- Berk M, Dean OM, Cotton SM, Jeavons S, Tanious M, Kohlmann K, Hewitt K, Moss K, Allwang C, Schapkaitz I, Robbins J, Cobb H, Ng F, Dodd S, Bush AI, Malhi GS (2014) The efficacy of adjunctive N-acetylcysteine in major depressive disorder: a double-blind, randomized, placebo-controlled trial. J clin psychiatry 75:628–636CrossRefPubMedGoogle Scholar
- Brocardo PS, Boehme F, Patten A, Cox A, Gil-Mohapel J, Christie BR (2012) Anxiety-and depression-like behaviors are accompanied by an increase in oxidative stress in a rat model of fetal alcohol spectrum disorders: protective effects of voluntary physical exercise. Neuropharmacology 62:1607–1618CrossRefPubMedGoogle Scholar
- Chenu F, El Mansari M, Blier P (2013). Electrophysiological effects of repeated administration of agomelatine on the dopamine, norepinephrine, and serotonin systems in the rat brain. Neuropsychopharmacology 38:275–284Google Scholar
- Chiu K, Lau WM, Lau HT, So KF, Chang RCC (2007) Micro-dissection of rat brain for RNA or protein extraction from specific brain region. JoVE 7:e269–e269Google Scholar
- Du Jardin KG, Liebenberg N, Müller HK, Elfving B, Sanchez C, Wegener G (2016) Differential interaction with the serotonin system by S-ketamine, vortioxetine, and fluoxetine in a genetic rat model of depression Psychopharmacology (Berl) 233(14):2813–2825.Google Scholar
- Garrity AR, Morton GA, Morten JC (2004) Nutraceutical mangosteen composition. 6730333 B1 20040504. US Patent. 7Google Scholar
- Gemmel M, Rayen I, Lotus T, van Donkelaar E, Steinbusch HW, De Lacalle S, Kokras N, Dalla C, Pawluski JL (2016). Developmental fluoxetine and prenatal stress effects on serotonin, dopamine, and synaptophysin density in the PFC and hippocampus of offspring at weaning. Dev Psychobiol 58:315–327Google Scholar
- Harvey BH, Duvenhage I, Viljoen F, Scheepers N, Malan SF, Wegener G, Brink CB, Petzer JP (2010) Role of monoamine oxidase, nitric oxide synthase and regional brain monoamines in the antidepressant-like effects of methylene blue and selected structural analogues. Biochem Pharmacol 80:1580–1591CrossRefPubMedGoogle Scholar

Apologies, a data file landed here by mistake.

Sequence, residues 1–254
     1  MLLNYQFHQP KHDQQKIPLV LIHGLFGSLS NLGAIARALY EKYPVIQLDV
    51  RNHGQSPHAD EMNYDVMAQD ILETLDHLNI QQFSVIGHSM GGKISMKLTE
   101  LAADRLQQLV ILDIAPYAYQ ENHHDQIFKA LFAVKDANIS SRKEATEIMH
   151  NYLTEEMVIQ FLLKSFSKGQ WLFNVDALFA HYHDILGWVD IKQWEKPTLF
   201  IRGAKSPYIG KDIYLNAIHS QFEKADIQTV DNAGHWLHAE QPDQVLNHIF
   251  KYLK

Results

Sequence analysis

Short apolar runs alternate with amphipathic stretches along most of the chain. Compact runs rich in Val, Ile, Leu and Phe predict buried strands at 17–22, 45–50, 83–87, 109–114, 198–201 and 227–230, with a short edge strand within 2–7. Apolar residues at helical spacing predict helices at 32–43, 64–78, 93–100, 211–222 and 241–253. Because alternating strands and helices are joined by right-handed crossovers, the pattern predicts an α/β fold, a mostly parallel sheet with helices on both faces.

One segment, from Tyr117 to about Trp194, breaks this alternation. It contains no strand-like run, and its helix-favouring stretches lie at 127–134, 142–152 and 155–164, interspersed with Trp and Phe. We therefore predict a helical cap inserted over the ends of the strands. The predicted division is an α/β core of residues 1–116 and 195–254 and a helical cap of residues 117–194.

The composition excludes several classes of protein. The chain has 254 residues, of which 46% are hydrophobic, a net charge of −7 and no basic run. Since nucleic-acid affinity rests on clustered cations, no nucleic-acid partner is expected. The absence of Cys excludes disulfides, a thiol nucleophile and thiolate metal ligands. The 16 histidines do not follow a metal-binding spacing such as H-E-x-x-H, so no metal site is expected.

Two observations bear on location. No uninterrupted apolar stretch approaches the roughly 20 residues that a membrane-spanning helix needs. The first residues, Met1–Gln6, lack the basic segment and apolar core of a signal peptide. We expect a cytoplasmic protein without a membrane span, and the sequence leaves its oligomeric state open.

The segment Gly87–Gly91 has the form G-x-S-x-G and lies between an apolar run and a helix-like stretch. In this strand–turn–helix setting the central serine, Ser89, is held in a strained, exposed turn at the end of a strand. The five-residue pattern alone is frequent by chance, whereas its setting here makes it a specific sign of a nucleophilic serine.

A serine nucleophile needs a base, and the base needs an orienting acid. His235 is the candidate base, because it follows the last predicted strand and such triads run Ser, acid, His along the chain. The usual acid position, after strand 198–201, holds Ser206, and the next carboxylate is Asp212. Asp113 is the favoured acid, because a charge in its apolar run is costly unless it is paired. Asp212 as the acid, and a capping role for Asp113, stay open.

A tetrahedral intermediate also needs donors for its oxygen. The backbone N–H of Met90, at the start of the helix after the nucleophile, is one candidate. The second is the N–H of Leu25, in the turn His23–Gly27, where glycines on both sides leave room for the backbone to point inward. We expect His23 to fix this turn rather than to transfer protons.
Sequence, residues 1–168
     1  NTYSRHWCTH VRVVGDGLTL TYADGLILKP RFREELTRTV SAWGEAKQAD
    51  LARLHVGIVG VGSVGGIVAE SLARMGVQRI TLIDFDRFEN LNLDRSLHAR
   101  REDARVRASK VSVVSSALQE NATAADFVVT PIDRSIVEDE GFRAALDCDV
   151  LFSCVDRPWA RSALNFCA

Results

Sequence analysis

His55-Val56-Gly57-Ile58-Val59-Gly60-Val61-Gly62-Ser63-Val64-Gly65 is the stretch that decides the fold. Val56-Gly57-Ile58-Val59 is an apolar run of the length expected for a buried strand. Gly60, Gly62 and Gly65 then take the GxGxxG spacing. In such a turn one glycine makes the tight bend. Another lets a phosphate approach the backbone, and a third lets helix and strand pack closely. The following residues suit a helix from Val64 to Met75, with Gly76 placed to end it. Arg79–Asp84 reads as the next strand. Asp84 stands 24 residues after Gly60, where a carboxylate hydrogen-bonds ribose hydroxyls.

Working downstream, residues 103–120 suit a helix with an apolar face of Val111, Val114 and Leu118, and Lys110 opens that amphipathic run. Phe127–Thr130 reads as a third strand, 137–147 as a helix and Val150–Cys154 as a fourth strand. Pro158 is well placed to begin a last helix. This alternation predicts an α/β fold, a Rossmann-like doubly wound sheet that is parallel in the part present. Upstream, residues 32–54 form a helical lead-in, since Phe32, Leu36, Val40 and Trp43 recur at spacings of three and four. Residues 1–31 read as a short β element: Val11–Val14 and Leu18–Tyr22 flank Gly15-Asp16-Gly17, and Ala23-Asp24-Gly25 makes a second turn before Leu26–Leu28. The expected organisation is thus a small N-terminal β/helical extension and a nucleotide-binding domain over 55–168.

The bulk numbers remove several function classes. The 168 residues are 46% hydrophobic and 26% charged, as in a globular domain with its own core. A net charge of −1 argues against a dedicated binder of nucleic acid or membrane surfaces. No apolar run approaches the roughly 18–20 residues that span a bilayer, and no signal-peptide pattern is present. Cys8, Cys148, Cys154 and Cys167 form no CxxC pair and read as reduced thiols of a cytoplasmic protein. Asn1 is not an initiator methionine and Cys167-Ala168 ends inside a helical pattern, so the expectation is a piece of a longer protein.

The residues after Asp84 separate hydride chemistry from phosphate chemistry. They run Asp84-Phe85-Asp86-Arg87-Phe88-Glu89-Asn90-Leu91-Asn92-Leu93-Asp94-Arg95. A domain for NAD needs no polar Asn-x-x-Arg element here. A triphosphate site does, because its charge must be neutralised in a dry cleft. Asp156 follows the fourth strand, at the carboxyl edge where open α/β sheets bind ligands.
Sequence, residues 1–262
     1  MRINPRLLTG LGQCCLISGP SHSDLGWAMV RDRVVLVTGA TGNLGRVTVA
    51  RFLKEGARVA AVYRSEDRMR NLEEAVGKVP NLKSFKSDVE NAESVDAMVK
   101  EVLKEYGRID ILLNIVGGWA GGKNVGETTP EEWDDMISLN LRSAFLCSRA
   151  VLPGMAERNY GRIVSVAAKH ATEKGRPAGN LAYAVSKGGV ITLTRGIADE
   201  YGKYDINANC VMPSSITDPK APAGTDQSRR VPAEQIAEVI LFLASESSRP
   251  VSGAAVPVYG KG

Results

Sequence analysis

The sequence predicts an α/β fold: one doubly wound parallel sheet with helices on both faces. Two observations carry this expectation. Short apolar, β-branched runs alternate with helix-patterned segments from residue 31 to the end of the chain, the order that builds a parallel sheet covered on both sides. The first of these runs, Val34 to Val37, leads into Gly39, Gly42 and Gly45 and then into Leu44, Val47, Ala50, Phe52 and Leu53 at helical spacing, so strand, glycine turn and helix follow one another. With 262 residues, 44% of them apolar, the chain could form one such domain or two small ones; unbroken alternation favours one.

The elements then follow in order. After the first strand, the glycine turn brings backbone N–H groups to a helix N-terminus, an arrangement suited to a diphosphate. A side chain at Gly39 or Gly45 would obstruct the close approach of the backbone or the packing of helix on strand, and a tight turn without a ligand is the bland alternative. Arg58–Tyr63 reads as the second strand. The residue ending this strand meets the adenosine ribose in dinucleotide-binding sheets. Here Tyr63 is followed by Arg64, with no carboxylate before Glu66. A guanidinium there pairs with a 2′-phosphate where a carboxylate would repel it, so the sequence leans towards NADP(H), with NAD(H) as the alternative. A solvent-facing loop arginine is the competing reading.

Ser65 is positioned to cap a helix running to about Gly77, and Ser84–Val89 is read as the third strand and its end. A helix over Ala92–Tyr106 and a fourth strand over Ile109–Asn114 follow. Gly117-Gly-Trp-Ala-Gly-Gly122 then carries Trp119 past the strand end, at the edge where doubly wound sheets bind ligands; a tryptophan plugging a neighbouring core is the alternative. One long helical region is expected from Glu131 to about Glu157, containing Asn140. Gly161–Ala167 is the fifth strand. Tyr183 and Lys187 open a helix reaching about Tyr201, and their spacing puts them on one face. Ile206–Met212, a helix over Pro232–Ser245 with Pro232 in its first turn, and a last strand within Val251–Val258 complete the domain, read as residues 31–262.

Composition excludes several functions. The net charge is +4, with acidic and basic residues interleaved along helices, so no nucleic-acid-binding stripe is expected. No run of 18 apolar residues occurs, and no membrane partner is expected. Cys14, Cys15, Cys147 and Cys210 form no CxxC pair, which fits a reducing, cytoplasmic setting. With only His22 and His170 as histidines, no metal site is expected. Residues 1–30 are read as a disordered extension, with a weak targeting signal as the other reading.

- Kilkenny C, Browne WJ, Cuthill IC, Emerson M, Altman DG (2010) Improving bioscience research reporting: the ARRIVE guidelines for reporting animal research. PLoS Biol 8:e1000412Google Scholar
- Köhler O, Benros ME, Nordentoft M, Farkouh ME, Iyengar RL, Mors O, Krogh J (2014) Effect of anti-inflammatory treatment on depression, depressive symptoms, and adverse effects: a systematic review and meta-analysis of randomized clinical trials. JAMA Psychiatry 71:1381–1391CrossRefPubMedGoogle Scholar
- Leonard B, Maes M (2012) Mechanistic explanations how cell-mediated immune activation, inflammation and oxidative and nitrosative stress pathways and their sequels and concomitants play a role in the pathophysiology of unipolar depression. Neurosci Biobehav Rev 36:764–785CrossRefPubMedGoogle Scholar
- Márquez L, García-Bueno B, Madrigal JL, Leza JC (2012) Mangiferin decreases inflammation and oxidative damage in rat brain after stress. Eur. J Nutr 51:729–739Google Scholar
- Márquez-Valadez B, Lugo-Huitrón R, Valdivia-Cerda V, Miranda-Ramírez LR, Pérez-De La Cruz V, González-Cuahutencos O, Rivero-Cruz I, Mata R, Santamaría A, Pedraza-Chaverrí J (2009) The natural xanthone alpha-mangostin reduces oxidative damage in rat brain tissue. Nutr Neurosci 12:35–42CrossRefPubMedGoogle Scholar
- Möller M, Harvey BH, Du Preez JL, Emsley R (2011) Isolation rearing-induced deficits in sensorimotor gating and social interaction in rats are related to cortico-striatal oxidative stress, and reversed by sub-chronic clozapine administration. Eur Neuropsychopharmacol 21:471–483CrossRefPubMedGoogle Scholar
- Morley-Fletcher S, Darnaudery M, Mocaer E, Froger N, Lanfumey L, Laviola G, Casolini P, Zuena A, Marzano L, Hamon M (2004) Chronic treatment with imipramine reverses immobility behaviour, hippocampal corticosteroid receptors and cortical 5-HT 1A receptor mRNA in prenatally stressed rats. Neuropharmacology 47:841–847CrossRefPubMedGoogle Scholar
- Negi J, Bisht V, Singh P, Rawat M, Joshi G (2013) Naturally occurring Xanthones: chemistry and biology. J Appl Chem 2013:1Google Scholar
- Talbott SM, Morton DA, Templeman JF (2011) Mangosteen–traditional and modern uses. J Austr Integrative Med Ass 16(1):10–11Google Scholar
- Uys M, Shahid M, Sallinen J, Harvey BH (2017) The α2C-adrenoceptor antagonist, ORM-10921, exerts antidepressant-like effects in the flinders sensitive line rat. Behav. Pharmacology 28:9–18Google Scholar